Right-to-Work’s Broken Promises

Frank Manzo IV is the Policy Director of the Illinois Economic Policy Institute (ILEPI). Visit ILEPI at www.illinoisepi.org or follow ILEPI on Twitter @illinoisEPI.

Right-to-work has not worked in Indiana.

Nationwide, the unemployment rate has steadily ticked down and is nearing 7 percent. Last year, over 40,000 more business establishments opened than closed across America. The total number of Americans with a job is up almost 2 percent since February 2012. Employers are starting to hire again and consumer demand is slowly rising.

And with the passage of a right-to-work law on February 1, 2012 (which proponents claimed would attract businesses and create jobs), the Indiana economy has been spearheading the economic recovery, right?


An October 16, 2013 study (LINK) by the Illinois Economic Policy Institute (ILEPI), a new research and policy nonprofit, assessed right-to-work’s economic track record in Indiana thus far. Since the law went into effect, 779 more businesses have closed than have opened in Indiana, the unemployment rate has not fallen, and the total number of Indiana residents with a job has declined by 0.4 percent.

The verdict? So far the promises made by right-to-work’s supporters in Indiana have nearly all been broken.

The problem: Right-to-work is a nonfactor as an economic development incentive.

Despite claims that right-to-work entices new businesses to open up in a particular state, survey after survey of corporate executives reports that the policy is not a prevailing factor in whether a firm will locate to a state. Additionally, by limiting collective bargaining units, right-to-work laws act to take away an effective front-end solution for small businesses to hire, train, drug-test, and provide health insurance to workers. Unions have long provided these services to businesses and absorbed the costs through dues and fees. Under right-to-work, these costs shift to small businesses. Finally, right-to-work has been found to lower worker wages by around 3 percent annually. With lower incomes, workers have less money to spend. Why would a private business want to relocate to a state where consumer demand for its product or service is diminished?

A drop in consumer demand is reflected in the data. Since Indiana adopted the law, average wage growth in the state has not statistically surpassed that of Illinois, Indiana’s non-right-to-work neighbor to the west. Additionally, employment in the construction industry has plummeted by 7.7 percent while total manufacturing labor-hours have declined by 2.3 percent.

These figures demonstrate that productive output has fallen in the industries that build homes, roads, new plants, new offices, materials, and products for both consumers and businesses – industries that should be thriving if right-to-work’s impact on demand was actually positive. So is it a surprise that Indiana actually lost 779 more businesses than it gained after right-to-work was passed?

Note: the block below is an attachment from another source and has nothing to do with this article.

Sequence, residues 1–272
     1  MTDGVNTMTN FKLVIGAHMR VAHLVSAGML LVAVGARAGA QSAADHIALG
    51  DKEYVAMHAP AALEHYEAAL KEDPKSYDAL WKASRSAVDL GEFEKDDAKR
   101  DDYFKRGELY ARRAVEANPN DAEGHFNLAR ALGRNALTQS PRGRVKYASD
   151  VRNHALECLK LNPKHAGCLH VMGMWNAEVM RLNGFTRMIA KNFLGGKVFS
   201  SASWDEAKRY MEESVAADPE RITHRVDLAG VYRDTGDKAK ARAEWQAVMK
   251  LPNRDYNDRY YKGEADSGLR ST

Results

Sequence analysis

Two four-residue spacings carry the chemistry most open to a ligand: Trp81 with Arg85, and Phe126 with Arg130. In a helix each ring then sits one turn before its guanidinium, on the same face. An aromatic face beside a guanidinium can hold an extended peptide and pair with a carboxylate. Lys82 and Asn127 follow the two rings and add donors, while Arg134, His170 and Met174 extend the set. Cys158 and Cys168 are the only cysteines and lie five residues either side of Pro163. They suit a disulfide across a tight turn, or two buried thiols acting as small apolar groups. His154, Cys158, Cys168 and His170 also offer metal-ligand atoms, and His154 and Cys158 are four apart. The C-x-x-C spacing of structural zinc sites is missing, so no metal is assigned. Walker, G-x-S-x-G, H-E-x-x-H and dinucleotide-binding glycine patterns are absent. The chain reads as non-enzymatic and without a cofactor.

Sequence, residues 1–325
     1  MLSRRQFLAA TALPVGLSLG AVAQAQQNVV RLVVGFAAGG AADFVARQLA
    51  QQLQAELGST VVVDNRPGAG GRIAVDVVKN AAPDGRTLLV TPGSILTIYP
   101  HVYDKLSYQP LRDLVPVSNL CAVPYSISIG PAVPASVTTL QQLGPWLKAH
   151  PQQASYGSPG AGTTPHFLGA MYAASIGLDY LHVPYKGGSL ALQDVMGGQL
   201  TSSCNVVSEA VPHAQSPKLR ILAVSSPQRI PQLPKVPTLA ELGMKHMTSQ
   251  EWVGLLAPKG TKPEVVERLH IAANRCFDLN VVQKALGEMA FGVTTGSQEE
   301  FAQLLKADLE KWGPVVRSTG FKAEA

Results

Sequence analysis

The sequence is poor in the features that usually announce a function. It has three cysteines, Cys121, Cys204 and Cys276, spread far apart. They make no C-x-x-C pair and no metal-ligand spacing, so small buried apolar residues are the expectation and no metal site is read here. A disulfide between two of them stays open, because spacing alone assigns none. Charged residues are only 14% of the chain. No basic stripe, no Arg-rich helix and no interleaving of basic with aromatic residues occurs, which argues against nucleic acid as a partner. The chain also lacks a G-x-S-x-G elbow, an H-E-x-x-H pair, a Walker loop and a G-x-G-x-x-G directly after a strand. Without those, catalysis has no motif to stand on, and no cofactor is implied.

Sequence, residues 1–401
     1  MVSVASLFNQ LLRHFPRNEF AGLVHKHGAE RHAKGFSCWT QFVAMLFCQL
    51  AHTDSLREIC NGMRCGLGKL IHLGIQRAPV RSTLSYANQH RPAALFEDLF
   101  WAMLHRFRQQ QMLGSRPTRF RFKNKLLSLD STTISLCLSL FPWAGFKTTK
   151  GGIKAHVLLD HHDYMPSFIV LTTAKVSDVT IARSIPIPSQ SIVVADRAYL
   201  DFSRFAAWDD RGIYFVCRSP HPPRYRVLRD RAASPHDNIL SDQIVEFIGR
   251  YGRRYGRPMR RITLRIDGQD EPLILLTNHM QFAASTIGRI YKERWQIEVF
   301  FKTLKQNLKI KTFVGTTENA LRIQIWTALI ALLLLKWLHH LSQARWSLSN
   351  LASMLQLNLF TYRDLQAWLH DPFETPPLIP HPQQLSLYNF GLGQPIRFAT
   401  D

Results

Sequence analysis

It is important to note that all of this data is very short-term. Many collective bargaining agreements remain valid today, so the effect of right-to-work on Indiana may not yet be fully realized. Nevertheless, the data does not support the notion that right-to-work has had any positive effect on Indiana to this point.

Illinois would do well to learn from Indiana’s experience and avoid succumbing to the weak, unjustified claims made by proponents of right-to-work laws.

With an unemployment rate of 9.2 percent (and a 16.8 percent unemployment rate among construction workers), Illinois’ workers need sensible, “high-road” policy solutions that spur the state economy and stimulate demand. Clearly, right-to-work is not one of those policies – especially compared to policies which invest in infrastructure, education, and new technology. Instead, a right-to-work law is simply a recipe for continued underperformance.

While the legal and political battles continue over right-to-work in Indiana, it’s time that the policy’s proponents own up to its poor economic track record. And the discussion in Illinois, and in Indiana, needs to address all of right-to-work’s broken promises.

In the end, repealing right-to-work in Indiana and avoiding right-to-work in Illinois are the right things to do. These actions keep money in the pockets of workers who need it most. Under right-to-work, this money is removed from the economy, slowing business growth during this sluggish recovery.

I recommend that you contact your state representative, state senator, and governor’s office to notify your elected officials about the poor track record of right-to-work in Indiana. You elected them to help raise your purchasing power, to protect your rights, and to grow your state’s economy. You expect them to act in your interest. Now you should make sure that they are informed on this important issue.

Tell them: Right-to-work has not worked in Indiana.

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